Hosting a class to grow your restaurant & bar sales

Editorial Team

4 min read
Hands rolling sushi

Hosting classes can be a unique way to enhance and personalize patron connection to your restaurant. While customer experience has always been king when it comes to food service, a new study suggests it will overtake price and product as the key differentiating factor for any business by 2020. Designed strategically, classes can be used to drive sales, reward loyalty, and generate word of mouth—all of which keep you front-of-mind with customers and a cut above competitors.

Classes can work toward your business goals in a number of ways. Charging for classes could serve as a revenue stream on its own, or free classes may be packaged as VIP rewards. Either way, hands-on and face-to-face interactions will offer customers a look behind the scenes they won’t soon forget. Here are a few key ways to make sure you get the most of your syllabus.

Target repeat customers.

Patrons who’ve proven their loyalty will be first in line to learn how the sausage is made. If you offer classes free of charge, reserving them for VIPs can incentivize more casual customers to step up their game. Learning how a favorite dish or cocktail is prepared will only boost the personal connection felt by returning patrons, and encourage them to spread their enthusiasm to family and friends.

Invite new guests through the door.

Special offers set small businesses apart. Any cafe or wine store can deliver customer favorites, but not every shop offers tastings or workshops on pairing or preparation. Classes can be a great way to spark interest in new customers, particularly with modest free samples of what’s on offer.

Show off your top products.

Integrating the finest of what you have to offer is the best way to entice customers to your core business. Classes can also serve as a free and easy avenue for market research. Have a new product or recipe to test out? Take advantage of captive and interested parties to solicit feedback you can use prior to rollout.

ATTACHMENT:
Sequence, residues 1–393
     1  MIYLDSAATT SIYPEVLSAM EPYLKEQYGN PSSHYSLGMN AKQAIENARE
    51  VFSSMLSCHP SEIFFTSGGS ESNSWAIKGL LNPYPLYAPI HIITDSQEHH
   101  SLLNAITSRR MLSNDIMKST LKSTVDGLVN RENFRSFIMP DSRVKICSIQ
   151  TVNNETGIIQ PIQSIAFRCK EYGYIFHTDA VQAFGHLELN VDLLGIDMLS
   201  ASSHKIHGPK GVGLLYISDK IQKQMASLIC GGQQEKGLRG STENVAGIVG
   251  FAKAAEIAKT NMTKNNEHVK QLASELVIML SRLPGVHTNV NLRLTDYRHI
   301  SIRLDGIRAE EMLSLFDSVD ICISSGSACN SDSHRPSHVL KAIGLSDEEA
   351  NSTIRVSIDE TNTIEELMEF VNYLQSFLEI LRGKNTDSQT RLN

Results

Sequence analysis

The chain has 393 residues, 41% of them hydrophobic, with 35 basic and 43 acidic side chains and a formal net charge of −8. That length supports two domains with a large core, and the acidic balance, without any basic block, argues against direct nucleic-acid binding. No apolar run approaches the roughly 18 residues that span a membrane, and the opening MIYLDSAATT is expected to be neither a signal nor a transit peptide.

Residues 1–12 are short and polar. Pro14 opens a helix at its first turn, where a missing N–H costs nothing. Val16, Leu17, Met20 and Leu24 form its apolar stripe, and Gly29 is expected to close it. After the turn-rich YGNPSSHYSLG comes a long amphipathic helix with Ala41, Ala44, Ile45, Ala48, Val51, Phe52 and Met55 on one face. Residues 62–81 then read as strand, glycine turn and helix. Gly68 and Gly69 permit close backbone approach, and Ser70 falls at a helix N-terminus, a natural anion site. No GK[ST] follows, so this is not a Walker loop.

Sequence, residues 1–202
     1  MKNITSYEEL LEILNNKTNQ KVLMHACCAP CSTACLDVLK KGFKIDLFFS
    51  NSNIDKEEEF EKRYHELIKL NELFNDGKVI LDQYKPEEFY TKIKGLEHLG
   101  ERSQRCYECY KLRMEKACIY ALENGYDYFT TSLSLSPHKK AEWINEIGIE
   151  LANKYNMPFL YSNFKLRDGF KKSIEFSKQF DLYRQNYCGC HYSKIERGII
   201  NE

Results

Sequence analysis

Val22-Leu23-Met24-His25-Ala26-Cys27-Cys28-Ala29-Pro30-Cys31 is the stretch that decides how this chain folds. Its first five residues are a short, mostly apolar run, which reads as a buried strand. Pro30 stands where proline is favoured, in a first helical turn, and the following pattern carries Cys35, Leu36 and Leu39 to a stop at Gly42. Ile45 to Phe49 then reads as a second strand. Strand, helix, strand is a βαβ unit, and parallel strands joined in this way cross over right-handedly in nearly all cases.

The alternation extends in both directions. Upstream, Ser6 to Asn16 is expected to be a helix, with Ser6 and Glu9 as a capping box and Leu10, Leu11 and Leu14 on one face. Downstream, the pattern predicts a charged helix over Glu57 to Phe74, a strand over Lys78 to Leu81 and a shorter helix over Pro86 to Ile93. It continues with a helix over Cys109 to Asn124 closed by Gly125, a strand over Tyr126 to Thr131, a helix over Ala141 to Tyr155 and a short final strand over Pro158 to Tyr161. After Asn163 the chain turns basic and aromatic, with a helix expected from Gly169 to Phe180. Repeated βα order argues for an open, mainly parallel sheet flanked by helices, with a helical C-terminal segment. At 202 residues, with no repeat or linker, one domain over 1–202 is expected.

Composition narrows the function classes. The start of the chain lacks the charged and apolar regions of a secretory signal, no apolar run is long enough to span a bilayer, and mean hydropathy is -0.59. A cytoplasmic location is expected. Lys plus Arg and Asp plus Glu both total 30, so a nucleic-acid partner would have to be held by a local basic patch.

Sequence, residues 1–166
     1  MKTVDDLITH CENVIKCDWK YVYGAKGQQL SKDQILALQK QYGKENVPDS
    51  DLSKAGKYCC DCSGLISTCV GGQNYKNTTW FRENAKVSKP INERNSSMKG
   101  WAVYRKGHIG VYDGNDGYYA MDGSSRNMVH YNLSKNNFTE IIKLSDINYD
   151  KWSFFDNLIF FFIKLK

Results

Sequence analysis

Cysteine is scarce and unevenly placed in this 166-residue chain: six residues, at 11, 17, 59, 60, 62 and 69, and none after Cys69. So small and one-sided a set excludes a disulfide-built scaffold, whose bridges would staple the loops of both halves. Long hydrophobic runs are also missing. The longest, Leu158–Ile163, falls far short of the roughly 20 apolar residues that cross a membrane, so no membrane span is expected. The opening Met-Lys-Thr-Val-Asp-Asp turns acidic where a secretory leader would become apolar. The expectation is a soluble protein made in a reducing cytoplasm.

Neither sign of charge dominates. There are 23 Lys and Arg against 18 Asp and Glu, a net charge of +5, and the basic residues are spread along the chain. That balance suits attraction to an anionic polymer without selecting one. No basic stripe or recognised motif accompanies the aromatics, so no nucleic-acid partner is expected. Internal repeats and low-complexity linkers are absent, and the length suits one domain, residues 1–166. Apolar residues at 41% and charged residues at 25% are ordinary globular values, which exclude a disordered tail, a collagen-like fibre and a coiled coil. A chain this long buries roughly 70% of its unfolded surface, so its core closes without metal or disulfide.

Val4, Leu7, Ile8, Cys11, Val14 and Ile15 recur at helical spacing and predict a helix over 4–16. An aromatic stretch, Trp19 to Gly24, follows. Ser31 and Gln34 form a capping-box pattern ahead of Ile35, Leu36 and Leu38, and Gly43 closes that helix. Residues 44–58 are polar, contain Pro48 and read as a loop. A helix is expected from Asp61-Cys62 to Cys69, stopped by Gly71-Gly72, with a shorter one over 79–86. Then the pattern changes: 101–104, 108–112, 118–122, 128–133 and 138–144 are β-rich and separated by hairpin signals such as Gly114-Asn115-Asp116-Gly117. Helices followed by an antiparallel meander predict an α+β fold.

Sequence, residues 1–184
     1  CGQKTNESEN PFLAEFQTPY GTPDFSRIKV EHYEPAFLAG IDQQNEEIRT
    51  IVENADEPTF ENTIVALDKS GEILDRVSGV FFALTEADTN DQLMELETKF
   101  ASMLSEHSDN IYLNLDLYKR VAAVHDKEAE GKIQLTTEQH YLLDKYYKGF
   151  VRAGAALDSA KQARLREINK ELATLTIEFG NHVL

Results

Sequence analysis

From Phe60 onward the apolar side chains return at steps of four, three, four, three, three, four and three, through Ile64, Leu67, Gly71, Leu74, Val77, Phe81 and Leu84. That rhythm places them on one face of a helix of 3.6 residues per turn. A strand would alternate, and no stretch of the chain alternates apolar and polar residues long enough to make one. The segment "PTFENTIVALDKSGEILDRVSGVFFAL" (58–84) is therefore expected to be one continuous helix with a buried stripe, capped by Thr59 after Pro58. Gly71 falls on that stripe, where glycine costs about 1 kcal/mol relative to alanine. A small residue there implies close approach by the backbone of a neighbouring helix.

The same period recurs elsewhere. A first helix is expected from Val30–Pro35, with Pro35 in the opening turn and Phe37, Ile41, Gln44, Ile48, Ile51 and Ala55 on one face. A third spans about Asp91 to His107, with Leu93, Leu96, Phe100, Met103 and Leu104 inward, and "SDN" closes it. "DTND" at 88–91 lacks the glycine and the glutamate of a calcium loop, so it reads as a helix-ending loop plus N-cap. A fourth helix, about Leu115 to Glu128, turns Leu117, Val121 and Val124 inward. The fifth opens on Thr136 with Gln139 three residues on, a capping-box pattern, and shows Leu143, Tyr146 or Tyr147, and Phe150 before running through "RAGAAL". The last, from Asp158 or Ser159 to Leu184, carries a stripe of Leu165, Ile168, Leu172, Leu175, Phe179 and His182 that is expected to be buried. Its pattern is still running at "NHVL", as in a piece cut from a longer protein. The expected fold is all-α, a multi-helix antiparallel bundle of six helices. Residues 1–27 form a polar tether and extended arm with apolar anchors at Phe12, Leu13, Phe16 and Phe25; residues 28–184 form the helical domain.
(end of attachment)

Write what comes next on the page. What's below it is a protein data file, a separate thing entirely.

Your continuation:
Reveal your secrets.

Got a top-secret ingredient or special sauce? Taking customers into your confidence can pay off big time in redoubled loyalty. Host a brief demonstration to tell late-night pizza patrons what goes into the perfect crust or teach java connoisseurs how to draw designs in foam. Customers won’t be tempted to try these feats at home—that’s why they come to you. But they’ll appreciate the rare candor and insight into your culinary craftsmanship.

Partner up with neighbors.

Classes can also present fun opportunities to cross-pollinate with neighboring businesses. Think of hosting a flower-arranging class in your wine bar or cafe during off-peak hours, or linking with a brewery for pairings with your QSR menu. Encouraging customers to spend quality time in places where they’re typically in and out can help them slow down and appreciate everything you offer them.

Create a group experience.

Families and co-workers are often looking for ways to bond, and learning to cook or decorate a cake sure beats bingo night. Package classes as a group outing for anything from baby showers to college graduations. There are many life skills to be learned inside the walls of a restaurant—capitalize on them and bring people together in the process.

Market as a unique gift.

Similarly, a group class can be an outside-the-box gift for birthdays, anniversaries, or any special occasion. Loyal customers may particularly appreciate the opportunity to invite friends and family for an insider look at their favorite spot. Clover Gift Cards make seamless work of issuing and redeeming certificates and designing specialty cards.

Reward participation.

Every student likes a reward. Encourage enrollment by offering special incentives. Sampling during class could lead to a reduced rate on buying the full product to take home, or a discounted sit-down meal to cap off the evening. Cookbooks or face time with the chef can further strengthen customers’ bonds with your restaurant.

Be sure to keep track of what works, so you can adjust your strategies with the season and tailor them to your customers.

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